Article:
WASHINGTON, Sept 27 (Reuters) - The U.S. Defense Department will put half of its 800,000 civilian employees on unpaid leave and halt military activity not viewed as vital to national security in the event of a government shutdown next week, a senior Pentagon official said on Friday.
The department’s 1.4 million military personnel would keep working even if Congress fails to reach a deal to fund government operations after the start of the 2014 fiscal year on Oct. 1, Pentagon Comptroller Robert Hale told reporters.
U.S. forces would continue fighting the Afghanistan war, patrolling the Mediterranean off Syria and conducting other operations considered necessary for the safety of human life and protection of property, but military personnel would not be paid until Congress reaches a deal to fund the government, he said.
Military death benefits to families could be delayed in some cases, but Hale said workers involved in transferring the bodies of war dead and conducting funeral services for members of the armed forces would continue their duties.
Hale’s comments came as the Defense Department, the U.S. government’s largest agency, released an eight page contingency plan for dealing with a government shutdown beginning on Tuesday in the event the U.S. Congress fails to pass an emergency spending bill to fund ongoing operations.
If a shutdown does occur, it would be the second time this year that some civilian defense employees have been placed on unpaid leave. The Pentagon put more than 600,000 employees on unpaid leave for several weeks during the summer because of budget cuts.
“A lapse of appropriations causes civilian furloughs. It is one more blow to the morale of our civilian work force, and that morale is already low,” Hale said. “Even if a lapse never occurs, the planning itself is disruptive. People are worrying right now about whether their paychecks are going to be delayed rather than focusing on the mission.”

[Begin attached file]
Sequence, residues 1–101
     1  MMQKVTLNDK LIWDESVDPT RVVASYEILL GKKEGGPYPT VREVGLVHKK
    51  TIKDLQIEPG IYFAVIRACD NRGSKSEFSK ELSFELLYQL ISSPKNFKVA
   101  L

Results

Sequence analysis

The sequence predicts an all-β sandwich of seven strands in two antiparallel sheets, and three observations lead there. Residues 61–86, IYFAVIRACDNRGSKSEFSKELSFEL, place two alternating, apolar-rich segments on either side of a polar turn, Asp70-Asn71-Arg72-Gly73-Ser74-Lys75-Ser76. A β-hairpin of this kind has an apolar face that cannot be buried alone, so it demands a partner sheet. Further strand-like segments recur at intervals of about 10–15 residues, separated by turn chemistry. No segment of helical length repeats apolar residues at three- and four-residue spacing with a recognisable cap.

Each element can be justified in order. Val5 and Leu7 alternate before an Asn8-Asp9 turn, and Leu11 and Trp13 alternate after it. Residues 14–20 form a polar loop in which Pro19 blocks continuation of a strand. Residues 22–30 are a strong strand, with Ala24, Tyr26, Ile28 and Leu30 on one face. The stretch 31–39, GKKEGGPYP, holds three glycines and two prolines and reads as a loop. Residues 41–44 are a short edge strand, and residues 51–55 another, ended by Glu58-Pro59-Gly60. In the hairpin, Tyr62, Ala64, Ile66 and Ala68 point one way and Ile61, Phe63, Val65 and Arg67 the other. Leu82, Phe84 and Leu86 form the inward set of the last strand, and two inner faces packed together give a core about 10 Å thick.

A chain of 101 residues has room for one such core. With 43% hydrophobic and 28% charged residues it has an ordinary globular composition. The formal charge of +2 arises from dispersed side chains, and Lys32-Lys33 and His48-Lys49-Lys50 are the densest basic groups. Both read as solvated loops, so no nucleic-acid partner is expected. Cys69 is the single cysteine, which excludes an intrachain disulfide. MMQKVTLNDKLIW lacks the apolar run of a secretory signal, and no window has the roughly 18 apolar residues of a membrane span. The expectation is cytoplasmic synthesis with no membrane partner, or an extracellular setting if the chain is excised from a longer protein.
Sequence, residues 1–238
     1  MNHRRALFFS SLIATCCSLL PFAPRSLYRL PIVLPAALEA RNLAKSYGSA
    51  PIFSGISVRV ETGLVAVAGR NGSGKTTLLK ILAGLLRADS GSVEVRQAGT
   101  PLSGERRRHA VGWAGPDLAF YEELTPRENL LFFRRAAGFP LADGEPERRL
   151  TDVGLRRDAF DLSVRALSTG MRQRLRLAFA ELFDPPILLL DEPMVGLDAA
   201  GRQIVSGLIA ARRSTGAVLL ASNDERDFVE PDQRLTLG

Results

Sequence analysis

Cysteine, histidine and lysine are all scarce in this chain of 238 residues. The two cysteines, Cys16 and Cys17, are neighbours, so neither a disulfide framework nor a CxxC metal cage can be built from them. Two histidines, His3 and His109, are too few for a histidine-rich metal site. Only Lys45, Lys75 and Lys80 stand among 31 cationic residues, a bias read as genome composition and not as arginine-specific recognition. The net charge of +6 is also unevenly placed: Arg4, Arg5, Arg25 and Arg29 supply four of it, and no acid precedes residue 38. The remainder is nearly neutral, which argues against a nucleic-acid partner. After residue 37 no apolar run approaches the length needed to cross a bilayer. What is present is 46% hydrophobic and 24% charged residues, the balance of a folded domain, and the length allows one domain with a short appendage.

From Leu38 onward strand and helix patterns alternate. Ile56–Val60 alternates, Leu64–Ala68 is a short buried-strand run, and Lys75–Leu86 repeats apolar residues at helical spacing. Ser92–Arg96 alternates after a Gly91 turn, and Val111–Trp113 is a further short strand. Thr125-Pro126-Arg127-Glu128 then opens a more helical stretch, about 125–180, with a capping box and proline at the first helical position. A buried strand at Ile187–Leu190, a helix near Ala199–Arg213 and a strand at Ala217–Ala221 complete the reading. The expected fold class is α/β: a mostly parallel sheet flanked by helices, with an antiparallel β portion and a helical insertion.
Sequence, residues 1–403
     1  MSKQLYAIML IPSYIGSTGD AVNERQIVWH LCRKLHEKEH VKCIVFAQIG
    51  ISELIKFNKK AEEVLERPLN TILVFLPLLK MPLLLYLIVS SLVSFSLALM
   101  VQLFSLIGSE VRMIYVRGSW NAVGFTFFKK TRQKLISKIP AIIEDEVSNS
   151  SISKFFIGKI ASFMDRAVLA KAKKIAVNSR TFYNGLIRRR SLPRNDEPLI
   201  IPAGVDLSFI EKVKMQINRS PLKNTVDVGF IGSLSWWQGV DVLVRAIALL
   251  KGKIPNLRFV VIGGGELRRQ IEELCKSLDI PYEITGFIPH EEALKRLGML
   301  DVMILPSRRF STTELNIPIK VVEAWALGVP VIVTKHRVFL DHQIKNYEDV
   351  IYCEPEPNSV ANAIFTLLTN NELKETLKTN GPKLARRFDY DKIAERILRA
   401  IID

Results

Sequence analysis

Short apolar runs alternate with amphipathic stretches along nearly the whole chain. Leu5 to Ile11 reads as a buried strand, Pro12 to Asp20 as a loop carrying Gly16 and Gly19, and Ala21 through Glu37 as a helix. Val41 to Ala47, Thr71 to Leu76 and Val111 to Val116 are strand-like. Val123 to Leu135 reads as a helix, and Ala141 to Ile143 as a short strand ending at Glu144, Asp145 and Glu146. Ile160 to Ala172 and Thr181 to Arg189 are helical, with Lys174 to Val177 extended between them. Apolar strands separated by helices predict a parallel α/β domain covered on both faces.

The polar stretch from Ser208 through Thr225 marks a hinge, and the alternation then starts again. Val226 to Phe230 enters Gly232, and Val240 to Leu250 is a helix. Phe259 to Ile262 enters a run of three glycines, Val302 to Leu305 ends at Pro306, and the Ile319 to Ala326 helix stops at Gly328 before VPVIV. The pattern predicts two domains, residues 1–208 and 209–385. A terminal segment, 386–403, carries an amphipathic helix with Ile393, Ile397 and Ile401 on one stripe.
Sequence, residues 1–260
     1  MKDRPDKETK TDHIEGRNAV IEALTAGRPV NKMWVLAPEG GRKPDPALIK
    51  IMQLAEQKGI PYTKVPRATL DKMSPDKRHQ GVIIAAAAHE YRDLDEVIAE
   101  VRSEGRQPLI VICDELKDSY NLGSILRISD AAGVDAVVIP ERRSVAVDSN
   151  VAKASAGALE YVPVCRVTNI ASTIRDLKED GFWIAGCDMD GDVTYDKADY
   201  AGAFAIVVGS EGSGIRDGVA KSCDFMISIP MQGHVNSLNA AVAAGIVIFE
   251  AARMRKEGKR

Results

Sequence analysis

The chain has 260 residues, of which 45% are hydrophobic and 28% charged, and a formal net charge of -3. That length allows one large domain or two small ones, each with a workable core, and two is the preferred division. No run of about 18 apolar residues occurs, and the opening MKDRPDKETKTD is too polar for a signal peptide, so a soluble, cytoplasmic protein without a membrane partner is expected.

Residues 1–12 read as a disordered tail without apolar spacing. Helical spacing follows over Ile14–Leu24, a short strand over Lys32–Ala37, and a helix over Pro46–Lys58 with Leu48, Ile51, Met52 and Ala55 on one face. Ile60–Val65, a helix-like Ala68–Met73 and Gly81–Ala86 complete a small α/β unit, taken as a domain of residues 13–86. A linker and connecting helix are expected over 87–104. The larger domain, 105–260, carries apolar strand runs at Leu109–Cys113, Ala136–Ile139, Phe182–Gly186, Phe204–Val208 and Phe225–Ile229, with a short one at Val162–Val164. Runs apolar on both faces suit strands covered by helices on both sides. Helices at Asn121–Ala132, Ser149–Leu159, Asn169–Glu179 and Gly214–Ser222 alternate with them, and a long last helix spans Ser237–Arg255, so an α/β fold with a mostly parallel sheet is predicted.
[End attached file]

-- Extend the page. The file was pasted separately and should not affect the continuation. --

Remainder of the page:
Deputy Defense Secretary Ashton Carter said in a memo accompanying the plan that U.S. forces would continue to fight Afghanistan war and conduct other operations “necessary for the safety of human life and protection of property” because those activities are exempted from a lapse in appropriations.
“All other activities would need to be shut down in an orderly and deliberate fashion,” Carter said.
Guidance issued by the department said contractors working under fully funded agreements awarded before appropriations ran out would continue working, but new or extended contracts could not be executed.
“No funds will be available to pay such new contracts or place additional increments of funding on contracts until Congress appropriates additional funds,” the contingency plan said.